Tuesday, April 22, 2014

Darth Vader and Son

Today I will be reviewing a book that I'm sure you've all heard of. It's Darth Vader and Son by Jeffrey Brown. I read this book before it was cool. It's basically a compilation of really good one panel comic strips. Each one is usually Darth Vader reprimanding a 4 year old Luke Skywalker for doing something that little kids do like drawing on the wall or something. Sometimes it's just Luke asking Darth Vader a question he can't answer (like where do babies come from). I personally love the way that Darth Vader is turned into a responsible father and Luke is turned into a little 4 year old child.

There aren't any scenes in this book. But a panel I like takes place in the scene on Endor where a bunch of storm troopers are outside of the metal station thing and Luke talks to them through the window, except this time Luke is telling them that his dad tells him not to talk to strangers. I love this panel because it made me laugh so hard the first time I read it. I think it's the funniest panel in the entire book.

The drawing style in this book is the same as all of Jeffery Brown's other work. Very pencily. I loved this style in his other books and I love it now. I'm pretty sure that it was drawn with colored pencil. But I have a signed copy with a hand drawn picture and he used a marker to draw it so he could have used a marker to draw the book.

Darth Vader and Son Is completely appropriate for all ages. I'm sure that anyone with a good sense of humor can enjoy it. If you haven't seen the Star Wars movies there will be some references you won't understand, but I'm sure that won't be an issue. I also forgot to mention that there is a sequel to Darth Vader and Son called Vader's Little Princess, which is the same as Darth Vader and Son, but with a teenage Princess Leia. I think that Darth Vader and Son is the best adaptation of Star Wars to date and I would give it 91/2 toddler Luke Skywalkers out of 10.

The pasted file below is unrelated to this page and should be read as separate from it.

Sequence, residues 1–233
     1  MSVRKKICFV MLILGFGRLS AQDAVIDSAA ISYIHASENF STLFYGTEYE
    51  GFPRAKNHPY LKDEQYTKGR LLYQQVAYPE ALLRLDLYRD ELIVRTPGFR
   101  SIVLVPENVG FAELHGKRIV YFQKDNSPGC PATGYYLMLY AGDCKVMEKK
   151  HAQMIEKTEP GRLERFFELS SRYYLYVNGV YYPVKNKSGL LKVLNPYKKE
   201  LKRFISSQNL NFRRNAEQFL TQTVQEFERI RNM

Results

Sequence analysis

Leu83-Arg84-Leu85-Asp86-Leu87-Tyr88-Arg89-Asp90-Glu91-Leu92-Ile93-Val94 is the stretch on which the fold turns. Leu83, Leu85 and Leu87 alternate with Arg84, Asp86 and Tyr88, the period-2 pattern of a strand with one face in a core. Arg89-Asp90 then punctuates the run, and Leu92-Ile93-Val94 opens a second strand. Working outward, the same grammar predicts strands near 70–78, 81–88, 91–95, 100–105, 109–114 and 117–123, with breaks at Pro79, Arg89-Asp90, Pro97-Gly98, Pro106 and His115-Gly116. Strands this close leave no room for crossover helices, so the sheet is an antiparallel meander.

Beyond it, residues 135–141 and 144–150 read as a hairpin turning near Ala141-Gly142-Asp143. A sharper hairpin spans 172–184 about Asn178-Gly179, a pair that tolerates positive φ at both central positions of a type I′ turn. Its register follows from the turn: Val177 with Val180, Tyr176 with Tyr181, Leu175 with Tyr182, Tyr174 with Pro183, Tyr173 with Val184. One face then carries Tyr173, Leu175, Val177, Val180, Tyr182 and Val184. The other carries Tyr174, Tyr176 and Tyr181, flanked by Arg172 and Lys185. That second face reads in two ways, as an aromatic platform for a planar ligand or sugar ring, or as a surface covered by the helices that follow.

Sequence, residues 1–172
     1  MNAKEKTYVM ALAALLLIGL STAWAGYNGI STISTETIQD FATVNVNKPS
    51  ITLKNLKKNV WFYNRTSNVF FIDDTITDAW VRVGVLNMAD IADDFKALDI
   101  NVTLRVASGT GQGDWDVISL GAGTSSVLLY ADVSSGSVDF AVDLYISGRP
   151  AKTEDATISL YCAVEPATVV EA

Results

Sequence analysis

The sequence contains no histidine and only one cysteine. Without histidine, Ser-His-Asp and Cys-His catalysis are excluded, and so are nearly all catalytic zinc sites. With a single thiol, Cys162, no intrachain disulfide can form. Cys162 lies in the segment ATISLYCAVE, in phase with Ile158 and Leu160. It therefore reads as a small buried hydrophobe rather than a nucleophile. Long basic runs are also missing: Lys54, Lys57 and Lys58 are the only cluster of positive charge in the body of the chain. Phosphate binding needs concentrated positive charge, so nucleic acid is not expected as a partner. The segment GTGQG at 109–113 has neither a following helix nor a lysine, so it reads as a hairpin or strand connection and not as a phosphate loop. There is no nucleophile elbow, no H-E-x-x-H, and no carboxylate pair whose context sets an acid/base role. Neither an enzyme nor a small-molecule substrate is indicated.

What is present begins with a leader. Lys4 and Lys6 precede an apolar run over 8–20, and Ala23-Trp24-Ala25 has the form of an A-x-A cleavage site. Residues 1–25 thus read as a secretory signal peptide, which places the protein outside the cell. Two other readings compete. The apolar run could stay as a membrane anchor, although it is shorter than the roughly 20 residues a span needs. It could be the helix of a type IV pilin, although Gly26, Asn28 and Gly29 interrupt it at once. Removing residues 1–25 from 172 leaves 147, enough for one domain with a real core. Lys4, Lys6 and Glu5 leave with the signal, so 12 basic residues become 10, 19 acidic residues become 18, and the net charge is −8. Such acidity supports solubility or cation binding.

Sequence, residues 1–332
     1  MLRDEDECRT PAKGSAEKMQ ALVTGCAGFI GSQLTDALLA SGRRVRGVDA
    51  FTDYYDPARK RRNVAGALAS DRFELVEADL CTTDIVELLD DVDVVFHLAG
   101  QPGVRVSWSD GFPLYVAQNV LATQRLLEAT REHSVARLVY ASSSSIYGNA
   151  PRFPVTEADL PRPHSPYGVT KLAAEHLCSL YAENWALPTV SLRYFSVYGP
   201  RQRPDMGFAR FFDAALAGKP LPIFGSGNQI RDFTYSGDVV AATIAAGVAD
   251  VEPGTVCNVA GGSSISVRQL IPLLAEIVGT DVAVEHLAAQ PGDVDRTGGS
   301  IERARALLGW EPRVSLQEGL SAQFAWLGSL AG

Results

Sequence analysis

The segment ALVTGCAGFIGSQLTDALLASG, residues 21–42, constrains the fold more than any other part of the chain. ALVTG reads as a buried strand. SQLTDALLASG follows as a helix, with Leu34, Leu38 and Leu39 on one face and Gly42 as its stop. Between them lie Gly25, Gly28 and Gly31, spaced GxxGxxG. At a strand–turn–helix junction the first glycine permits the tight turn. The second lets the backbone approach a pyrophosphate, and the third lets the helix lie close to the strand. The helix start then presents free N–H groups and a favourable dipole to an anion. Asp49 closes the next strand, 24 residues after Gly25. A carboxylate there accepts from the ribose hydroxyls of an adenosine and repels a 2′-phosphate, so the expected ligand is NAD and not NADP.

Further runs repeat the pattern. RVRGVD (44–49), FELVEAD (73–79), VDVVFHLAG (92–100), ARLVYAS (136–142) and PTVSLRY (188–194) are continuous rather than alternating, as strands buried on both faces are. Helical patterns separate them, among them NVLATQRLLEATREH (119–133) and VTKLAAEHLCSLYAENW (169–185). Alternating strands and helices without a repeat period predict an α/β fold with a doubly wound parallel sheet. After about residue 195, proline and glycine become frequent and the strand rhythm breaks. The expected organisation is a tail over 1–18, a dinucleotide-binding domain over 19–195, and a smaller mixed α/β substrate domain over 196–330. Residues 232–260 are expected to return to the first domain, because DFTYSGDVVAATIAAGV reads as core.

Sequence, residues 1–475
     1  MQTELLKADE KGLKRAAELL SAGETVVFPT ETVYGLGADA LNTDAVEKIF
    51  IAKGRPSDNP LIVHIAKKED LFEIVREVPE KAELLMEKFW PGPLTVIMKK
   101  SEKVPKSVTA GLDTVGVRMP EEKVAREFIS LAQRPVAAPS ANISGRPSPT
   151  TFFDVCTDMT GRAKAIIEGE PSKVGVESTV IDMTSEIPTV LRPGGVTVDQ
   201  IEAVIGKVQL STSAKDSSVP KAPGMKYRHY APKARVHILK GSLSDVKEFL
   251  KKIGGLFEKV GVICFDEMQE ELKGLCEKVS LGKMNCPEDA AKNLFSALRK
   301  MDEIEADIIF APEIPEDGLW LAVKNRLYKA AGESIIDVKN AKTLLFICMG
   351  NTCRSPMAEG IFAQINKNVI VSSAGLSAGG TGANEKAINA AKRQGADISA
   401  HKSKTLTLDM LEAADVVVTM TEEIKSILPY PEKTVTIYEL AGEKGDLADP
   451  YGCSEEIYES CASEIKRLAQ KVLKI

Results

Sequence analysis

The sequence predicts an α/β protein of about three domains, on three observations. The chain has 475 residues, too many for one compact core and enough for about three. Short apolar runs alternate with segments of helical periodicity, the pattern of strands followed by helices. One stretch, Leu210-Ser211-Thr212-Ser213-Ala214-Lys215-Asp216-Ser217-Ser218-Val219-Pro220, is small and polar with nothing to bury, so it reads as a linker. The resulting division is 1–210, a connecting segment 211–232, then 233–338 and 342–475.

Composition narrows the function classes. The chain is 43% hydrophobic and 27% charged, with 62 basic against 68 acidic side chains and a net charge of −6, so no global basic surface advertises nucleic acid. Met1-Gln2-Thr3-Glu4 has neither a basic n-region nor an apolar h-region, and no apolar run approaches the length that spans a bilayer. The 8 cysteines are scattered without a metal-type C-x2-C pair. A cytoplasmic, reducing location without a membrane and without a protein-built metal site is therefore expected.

Sunday, April 13, 2014


Today I will be telling you about a great book, Mercury, by Hope Larson. The plot of Mercury is extremely complicated. It's about a 15-year-old girl named Tara whose house burned down so she goes to live with her aunt, uncle and cousin. She meets a boy she likes and joins a cross-country running team. Something that kept me interested in the story is how every now and then, the setting will change to the house that burned down, but in 1859. When this happens, the main focus is on an ancestor of Tara's named Josephine who is also 15 at the time. Toward the middle of the book, Tara finds out that there is gold on her family's land that was left by Josephine.

This book had a lot of really good gripping scenes. One of them is a scene where Tara finds the gold. She and her friends are digging for the treasure when they find a small tunnel filled with snakes. She goes down into the tunnel using her phone as a flashlight to find a skeleton with a bag of gold in its ribcage. I really like this scene because it turns the plain, small town story into an epic treasure hunting story.

The drawing style in this book is very soft. It uses very thick wavy lines and I'm pretty sure that it was drawn with a paintbrush or a marker or something like that. The way the eyes are drawn is very pretty. They're big and shiny. I also like how Tara looks like a short-haired version of Josephine. It makes their bloodline connection seem even stronger.

I think that Mercury is appropriate for all ages, but I also think that less mature audiences might not enjoy it because the storyline is a little complicated. If you can take a complex story, you will love Mercury. I would give mercury 8 bags of gold out of 10.